Campus News

Lower landscape maintenance

To achieve a low-maintenance landscape, UGA’s Cooperative Extension has a few tips.

Start by choosing a hardy grass, like centipede. It requires less frequent mowing and fertilization than Bermuda or St. Augustine. The second step to a low-maintenance landscape is to plant a row of shrubs around the house or foundation. Finally, add a hedge to provide some privacy.

A popular project for some home gardeners is reducing grassy lawn areas and problem spots by incorporating natural areas under trees.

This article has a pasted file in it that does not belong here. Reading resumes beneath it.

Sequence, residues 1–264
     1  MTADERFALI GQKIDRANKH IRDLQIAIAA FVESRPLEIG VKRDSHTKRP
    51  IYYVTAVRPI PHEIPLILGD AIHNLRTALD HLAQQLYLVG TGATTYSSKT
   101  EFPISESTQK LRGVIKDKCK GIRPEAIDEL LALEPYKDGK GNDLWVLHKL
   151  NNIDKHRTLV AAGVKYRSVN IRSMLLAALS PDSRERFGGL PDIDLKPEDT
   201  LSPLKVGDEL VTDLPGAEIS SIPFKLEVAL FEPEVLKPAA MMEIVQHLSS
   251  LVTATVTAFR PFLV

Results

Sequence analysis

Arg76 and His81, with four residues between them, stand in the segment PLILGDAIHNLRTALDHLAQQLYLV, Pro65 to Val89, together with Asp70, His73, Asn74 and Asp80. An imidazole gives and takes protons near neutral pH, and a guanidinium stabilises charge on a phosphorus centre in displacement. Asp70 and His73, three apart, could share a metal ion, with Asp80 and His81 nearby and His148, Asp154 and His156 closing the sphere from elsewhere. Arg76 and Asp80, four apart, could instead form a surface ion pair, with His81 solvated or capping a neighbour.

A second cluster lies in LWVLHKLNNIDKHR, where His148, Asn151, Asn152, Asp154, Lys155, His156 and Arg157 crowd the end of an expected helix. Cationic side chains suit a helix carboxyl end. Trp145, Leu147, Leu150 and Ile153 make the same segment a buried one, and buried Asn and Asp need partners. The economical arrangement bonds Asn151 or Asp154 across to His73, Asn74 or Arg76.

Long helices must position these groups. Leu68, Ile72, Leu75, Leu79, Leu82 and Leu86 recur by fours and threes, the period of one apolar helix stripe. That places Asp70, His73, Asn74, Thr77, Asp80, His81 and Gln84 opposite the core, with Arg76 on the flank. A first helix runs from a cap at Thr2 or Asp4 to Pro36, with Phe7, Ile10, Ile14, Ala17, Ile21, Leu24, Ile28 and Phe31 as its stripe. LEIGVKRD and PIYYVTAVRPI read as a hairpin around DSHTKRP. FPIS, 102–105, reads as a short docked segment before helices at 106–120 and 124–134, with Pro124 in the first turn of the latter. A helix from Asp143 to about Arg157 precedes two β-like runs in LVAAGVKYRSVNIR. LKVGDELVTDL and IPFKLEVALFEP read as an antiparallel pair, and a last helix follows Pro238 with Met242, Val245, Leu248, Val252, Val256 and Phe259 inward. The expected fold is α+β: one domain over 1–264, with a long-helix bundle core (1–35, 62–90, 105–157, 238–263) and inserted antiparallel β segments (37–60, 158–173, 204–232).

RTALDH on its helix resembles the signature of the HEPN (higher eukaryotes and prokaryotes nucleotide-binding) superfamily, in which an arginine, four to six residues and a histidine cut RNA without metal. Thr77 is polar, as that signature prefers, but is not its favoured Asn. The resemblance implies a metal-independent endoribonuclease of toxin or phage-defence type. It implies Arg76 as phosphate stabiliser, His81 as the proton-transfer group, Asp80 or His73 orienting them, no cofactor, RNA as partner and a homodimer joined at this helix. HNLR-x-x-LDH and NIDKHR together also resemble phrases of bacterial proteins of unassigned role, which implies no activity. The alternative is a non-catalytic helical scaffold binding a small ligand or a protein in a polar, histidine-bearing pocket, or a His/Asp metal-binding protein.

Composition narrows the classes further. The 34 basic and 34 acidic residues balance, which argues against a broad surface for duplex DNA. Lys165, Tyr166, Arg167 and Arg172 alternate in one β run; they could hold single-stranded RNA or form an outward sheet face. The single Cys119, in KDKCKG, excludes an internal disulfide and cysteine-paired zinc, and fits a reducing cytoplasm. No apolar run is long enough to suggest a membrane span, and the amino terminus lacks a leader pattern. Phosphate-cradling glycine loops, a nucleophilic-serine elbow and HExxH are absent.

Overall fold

A poor stand of grass under trees is primarily caused by too much shade and root competition. Bermuda and centipede grass will not perform well in these shady areas. The easiest way to reduce this problem is by adding 3-4 inches of mulch such as pine straw, pine bark or hardwood bark under the trees. Although the area should appear natural, it should not detract from the overall appearance of the landscape.

Allow existing trees to influence the landscape design. Incorporate at least half of the drip-line area for large trees and all of this space for smaller trees. Choose mulch that cannot be easily disturbed by wind or erosion and that will define the area with a crisp boundary.